v 15 The brothers and sisters in Rome had heard we were coming, and they came to meet us at the Forum on the Appian Way. Others joined us at The Three Taverns. When Paul saw them, he was encouraged and thanked God.
Remember Paul was a prisoner in chains at this stage. He had no idea of what the outcome of some trial might be; death in the arena was a possibility as was exile to some remote part of the Empire. Luke, the writer of Acts, was in the entourage that accompanied Paul, which is why this part of the story is in the first person. It was out of personal experience that he could write ‘they came to meet us at the Forum on the Appian Way.’ Paul had written his letter to the Christians in Rome some years earlier so they already knew his reputation and now wanted to meet him face to face.
It is this standing together that keeps hitting me as I read the exploits of these early Christians. They were engaged in mission together, so they walked the road to Rome with Paul, and encouraged him.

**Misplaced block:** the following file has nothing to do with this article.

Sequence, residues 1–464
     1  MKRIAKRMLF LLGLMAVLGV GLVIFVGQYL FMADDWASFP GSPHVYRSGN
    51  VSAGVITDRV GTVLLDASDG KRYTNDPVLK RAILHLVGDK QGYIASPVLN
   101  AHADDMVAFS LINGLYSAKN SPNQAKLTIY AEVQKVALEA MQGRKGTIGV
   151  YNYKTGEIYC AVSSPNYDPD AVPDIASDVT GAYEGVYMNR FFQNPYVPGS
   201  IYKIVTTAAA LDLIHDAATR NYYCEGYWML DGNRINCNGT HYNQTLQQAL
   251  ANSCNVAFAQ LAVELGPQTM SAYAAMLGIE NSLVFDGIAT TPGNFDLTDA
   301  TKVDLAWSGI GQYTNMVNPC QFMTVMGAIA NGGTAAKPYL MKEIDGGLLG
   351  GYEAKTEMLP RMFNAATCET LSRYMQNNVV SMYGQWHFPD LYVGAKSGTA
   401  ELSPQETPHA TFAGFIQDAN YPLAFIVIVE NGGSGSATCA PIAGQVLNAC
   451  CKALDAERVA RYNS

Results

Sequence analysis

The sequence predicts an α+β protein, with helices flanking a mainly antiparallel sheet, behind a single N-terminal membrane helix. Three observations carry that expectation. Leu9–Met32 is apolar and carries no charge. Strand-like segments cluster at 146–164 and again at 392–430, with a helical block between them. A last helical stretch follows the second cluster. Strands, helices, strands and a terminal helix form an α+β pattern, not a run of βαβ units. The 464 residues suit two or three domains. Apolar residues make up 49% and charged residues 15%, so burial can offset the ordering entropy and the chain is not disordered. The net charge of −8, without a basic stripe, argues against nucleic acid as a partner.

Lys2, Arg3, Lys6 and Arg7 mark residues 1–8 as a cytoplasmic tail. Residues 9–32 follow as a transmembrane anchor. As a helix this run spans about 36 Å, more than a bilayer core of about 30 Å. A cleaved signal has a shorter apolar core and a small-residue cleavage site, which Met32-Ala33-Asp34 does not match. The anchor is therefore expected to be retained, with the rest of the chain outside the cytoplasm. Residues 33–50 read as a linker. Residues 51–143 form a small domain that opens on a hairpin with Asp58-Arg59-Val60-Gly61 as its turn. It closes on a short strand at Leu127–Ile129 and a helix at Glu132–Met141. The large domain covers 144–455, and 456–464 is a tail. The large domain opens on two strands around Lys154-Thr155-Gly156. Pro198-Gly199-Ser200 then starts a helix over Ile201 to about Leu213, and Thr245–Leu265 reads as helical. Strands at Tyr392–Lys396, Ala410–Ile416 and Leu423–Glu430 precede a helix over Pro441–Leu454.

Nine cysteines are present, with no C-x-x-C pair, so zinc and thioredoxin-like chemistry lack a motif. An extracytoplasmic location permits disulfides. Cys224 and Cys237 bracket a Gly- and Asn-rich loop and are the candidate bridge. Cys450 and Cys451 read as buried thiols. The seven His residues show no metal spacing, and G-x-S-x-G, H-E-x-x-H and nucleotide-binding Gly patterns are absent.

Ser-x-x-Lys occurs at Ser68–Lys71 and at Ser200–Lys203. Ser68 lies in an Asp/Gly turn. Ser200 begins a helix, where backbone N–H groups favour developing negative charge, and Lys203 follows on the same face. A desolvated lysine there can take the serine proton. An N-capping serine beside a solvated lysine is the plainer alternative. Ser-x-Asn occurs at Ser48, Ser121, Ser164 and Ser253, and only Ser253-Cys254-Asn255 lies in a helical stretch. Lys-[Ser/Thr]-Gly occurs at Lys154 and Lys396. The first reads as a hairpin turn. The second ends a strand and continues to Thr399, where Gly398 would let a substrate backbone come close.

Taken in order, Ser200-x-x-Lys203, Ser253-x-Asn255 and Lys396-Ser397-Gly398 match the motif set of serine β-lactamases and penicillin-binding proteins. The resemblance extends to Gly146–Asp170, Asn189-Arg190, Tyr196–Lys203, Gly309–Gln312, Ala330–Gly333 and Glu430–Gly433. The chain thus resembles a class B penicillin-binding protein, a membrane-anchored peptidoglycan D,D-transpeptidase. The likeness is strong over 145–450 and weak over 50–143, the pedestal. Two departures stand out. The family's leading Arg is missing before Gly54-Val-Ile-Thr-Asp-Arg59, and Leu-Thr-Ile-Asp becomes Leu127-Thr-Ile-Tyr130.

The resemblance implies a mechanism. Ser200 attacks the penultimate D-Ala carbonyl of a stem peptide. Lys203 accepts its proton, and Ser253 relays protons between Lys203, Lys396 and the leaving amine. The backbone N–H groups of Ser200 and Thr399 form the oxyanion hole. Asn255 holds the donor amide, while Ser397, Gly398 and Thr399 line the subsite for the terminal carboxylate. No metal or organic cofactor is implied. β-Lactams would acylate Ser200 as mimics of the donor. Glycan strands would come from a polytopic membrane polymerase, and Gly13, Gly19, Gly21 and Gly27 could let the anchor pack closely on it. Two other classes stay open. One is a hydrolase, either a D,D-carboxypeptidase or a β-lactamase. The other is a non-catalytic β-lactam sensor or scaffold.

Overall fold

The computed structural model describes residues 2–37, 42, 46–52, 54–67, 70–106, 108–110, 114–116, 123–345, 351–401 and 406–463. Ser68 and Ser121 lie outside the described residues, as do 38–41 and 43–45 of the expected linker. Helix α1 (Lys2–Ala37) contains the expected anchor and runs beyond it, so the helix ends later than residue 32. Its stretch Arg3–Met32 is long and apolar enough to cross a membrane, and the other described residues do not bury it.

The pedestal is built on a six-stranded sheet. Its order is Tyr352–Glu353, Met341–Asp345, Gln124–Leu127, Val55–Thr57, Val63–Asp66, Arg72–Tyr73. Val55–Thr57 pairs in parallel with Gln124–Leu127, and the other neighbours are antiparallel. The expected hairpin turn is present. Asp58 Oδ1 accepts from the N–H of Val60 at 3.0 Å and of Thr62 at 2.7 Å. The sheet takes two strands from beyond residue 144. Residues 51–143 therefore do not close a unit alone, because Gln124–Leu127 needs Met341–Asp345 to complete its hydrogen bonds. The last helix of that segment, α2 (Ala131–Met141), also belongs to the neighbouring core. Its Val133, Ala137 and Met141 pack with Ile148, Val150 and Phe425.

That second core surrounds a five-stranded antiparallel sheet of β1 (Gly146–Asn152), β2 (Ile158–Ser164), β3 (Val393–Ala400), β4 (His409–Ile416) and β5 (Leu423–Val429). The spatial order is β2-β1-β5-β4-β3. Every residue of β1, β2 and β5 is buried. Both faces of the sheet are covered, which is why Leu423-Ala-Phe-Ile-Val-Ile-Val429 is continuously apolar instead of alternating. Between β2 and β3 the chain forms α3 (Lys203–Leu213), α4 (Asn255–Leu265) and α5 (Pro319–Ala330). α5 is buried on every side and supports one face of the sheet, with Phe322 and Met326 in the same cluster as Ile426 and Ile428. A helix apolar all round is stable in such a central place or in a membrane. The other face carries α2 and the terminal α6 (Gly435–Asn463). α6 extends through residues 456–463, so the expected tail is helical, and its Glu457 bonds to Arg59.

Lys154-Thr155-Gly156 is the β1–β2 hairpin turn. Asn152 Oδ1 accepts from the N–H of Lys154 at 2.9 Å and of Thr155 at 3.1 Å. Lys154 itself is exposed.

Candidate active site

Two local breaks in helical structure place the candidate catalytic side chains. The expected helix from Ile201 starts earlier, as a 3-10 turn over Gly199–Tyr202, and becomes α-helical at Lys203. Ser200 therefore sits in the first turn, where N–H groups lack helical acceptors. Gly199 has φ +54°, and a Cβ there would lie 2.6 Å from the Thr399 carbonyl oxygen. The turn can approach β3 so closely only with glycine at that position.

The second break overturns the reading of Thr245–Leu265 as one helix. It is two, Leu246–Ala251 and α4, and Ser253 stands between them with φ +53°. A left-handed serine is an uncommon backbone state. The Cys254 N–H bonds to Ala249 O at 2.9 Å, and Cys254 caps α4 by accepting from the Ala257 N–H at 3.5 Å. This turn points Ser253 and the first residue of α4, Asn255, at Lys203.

I tried for a moment to put myself in the position of one of the armed guards responsible for Paul. They must have felt they were almost surplus to requirements – this prisoner wanted to go to Rome. When he might have escaped in the shipwreck (Acts 27) he seemed to take charge and make sure others were safe. Now this crowd of friends encouraged him along towards Rome rather than thinking of trying to set him free!
What questions they might have asked – how very different from other prisoners they might have escorted.
Paul knew God’s plan for mission, and that going to Rome was part of it.
What is God’s plan for you as you reflect on mission today?